Friday 28 June 2019

Rally - Full Argyll report

Euan Thorburn and Paul Beaton returned to their winning ways in Argyll when they won the Dunoon presents Argyll Rally in their Ford Focus WRC05, but for 4 of the 8 stages Garry Pearson and Dale Bowen led the way in their Ford Fiesta R5 while Bruce McCombie and Michael Coutts were pleased with 3rd despite their own troubles with their 02 Focus WRC.

Main report is in the on-line mag now and that will be followed by the full Class roundup and all the News & Blethers from Cowal.

Rally - TV punditry

In this week's 'Motorsport News' there was a wee newsy snippet accompanying the main Dunoon presents Argyll Rally report. Contributors are always asked to keep their eyes and ears open when reporting on major events and submit any additional colourful, newsworthy nuggets of information.

Not all of these stories appear in the weekly paper and not always recounted in full as supplied. Contributors, as well as 'staffers' are subject to the scrutiny and the red pen of the Sub-Editor! Over the years there have been a few wee victories such as the acceptance of the word 'stoor' but not grush, glaur or muckle. Similarly, in the early days, the word 'midge' was always replaced with mosquito, that is until some of the staffers ventured north for the Scottish or Burmah rallies and discovered for themselves that the 'midge' is worthy of its own unique identity. Their theory quickly formed that this is a separate species and far worse than any mosquito.

Anyway in the interests of truth and accuracy here is the full un-edited piece as sent to MSN:

" Supported by the Royal Aero Group, the KNC Groundworks Scottish Championship featured a 'Big Screen TV' at the Service Area for the first time. Live images and interviews by Becksport Media were broadcast with Matt Cotton and Luke Barry interviewing crews at stage finishes and on-stage commentary supplied by 'technical pundit' rally driver Andy Kelly and supplemented - and interrupted - by commentary from former co-driver, the inimitable and sometimes politically incorrect, Roy Campbell. Hopefully this popular feature can be implemented in future events. "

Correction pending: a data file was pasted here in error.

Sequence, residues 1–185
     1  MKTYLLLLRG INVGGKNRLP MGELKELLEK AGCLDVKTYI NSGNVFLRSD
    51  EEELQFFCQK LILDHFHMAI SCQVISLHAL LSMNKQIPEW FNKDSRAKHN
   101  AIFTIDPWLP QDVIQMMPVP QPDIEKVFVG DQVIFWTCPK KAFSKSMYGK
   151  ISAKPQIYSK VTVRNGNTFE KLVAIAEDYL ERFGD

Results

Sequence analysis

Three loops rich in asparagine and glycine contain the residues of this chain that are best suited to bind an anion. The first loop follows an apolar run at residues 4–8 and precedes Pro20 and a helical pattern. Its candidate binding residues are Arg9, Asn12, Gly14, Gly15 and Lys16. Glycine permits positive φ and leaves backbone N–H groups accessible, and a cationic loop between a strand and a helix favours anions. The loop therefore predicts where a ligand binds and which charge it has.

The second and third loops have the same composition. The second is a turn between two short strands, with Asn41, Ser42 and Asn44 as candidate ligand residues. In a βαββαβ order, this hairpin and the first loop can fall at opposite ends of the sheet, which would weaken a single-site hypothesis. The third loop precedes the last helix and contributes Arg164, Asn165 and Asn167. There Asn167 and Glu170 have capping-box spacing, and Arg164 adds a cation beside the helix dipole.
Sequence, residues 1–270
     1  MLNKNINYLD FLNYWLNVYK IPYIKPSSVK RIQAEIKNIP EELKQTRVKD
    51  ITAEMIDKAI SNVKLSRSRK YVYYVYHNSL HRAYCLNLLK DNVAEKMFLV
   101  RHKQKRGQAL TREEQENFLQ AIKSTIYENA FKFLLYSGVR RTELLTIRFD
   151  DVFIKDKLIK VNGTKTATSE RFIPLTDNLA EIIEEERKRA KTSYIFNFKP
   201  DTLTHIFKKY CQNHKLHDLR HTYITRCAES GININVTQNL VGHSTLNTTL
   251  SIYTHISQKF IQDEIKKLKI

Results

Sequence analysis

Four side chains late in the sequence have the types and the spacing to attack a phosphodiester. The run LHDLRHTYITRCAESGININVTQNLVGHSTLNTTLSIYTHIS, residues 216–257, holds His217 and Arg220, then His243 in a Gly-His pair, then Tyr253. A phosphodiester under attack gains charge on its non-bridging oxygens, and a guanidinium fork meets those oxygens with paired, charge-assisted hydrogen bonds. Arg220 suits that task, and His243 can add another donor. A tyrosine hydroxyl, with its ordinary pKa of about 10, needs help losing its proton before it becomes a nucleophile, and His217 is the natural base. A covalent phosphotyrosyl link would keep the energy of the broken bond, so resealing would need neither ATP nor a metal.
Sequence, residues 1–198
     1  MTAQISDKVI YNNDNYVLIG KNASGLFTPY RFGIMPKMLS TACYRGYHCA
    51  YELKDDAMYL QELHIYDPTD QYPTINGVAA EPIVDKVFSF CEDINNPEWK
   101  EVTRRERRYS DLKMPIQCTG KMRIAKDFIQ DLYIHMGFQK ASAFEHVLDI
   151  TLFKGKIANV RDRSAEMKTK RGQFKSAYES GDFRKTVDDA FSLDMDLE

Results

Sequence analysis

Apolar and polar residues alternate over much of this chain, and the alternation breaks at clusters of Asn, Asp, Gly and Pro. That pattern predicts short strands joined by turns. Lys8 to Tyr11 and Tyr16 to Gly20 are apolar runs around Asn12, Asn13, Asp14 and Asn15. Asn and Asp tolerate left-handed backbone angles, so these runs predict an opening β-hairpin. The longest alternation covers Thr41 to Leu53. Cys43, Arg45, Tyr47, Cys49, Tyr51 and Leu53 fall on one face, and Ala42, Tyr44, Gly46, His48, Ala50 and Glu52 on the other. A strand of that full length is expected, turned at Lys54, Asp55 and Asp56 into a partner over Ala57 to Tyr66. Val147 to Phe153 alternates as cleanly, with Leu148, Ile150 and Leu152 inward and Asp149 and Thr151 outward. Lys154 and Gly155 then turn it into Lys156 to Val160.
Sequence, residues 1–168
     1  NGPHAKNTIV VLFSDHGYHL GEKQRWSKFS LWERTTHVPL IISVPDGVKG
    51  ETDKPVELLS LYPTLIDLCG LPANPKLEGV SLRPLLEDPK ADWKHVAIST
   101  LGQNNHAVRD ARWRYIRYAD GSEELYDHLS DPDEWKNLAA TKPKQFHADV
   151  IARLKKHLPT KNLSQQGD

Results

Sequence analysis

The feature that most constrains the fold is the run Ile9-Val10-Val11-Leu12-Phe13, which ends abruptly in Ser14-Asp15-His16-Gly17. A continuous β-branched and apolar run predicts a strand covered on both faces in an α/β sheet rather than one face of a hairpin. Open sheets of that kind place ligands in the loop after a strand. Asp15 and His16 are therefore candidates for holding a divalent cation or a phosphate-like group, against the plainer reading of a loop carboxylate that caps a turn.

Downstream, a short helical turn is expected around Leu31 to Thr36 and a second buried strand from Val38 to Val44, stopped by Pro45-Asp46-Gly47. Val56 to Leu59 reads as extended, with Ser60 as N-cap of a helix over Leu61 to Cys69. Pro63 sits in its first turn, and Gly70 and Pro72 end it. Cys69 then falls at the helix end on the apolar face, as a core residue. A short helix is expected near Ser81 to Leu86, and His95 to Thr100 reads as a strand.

Mind you there is a 'third' version of this tale, and ever so slightly longer and perhaps even more embellished than the one above, but that is being saved for the on-line magazine at  That is if we dare to publish it?

Wednesday 26 June 2019

World racing capital?

The Americans have a way with words, don't they? Everything is bigger over there not just in physical size but in imagination, description and vocabulary. Last month they claimed Indianapolis is the racing capital of the world, or is it? It doesn't compare to the racing capital of Scotland - Dunfermline.

The Indianapolis track is 2.5 miles long and has 4 corners all turning the same way and is pretty much a flat out blast.

Knockhill is 1.3 miles long and has 8 corners, 6 of which are right handers, 2 lefthanders and a long curving left hander 'straight' (not counting reverse direction!). It also has 8 elevation changes depending on whether you are driving or cycling and even more if you are walking the circuit! It therefore requires more steering input and more use of gears, clutches and brakes.

No contest. But I might just be ever so biased.

Find out for yourself this weekend when the Bennett's British Superbike Championship comes to the Kingdom of Fife. If you've never been it offers up intimately close high speed racing and a cacophany of nerve tingling, hackle raising sounds.

The bikes themselves are monsters. Capable of 200mph, they weigh less than a racehorse. The leather clad jockeys are different too, as they manhandle the power of over 200 Red Rums which spend each lap trying to chuck them off their backs.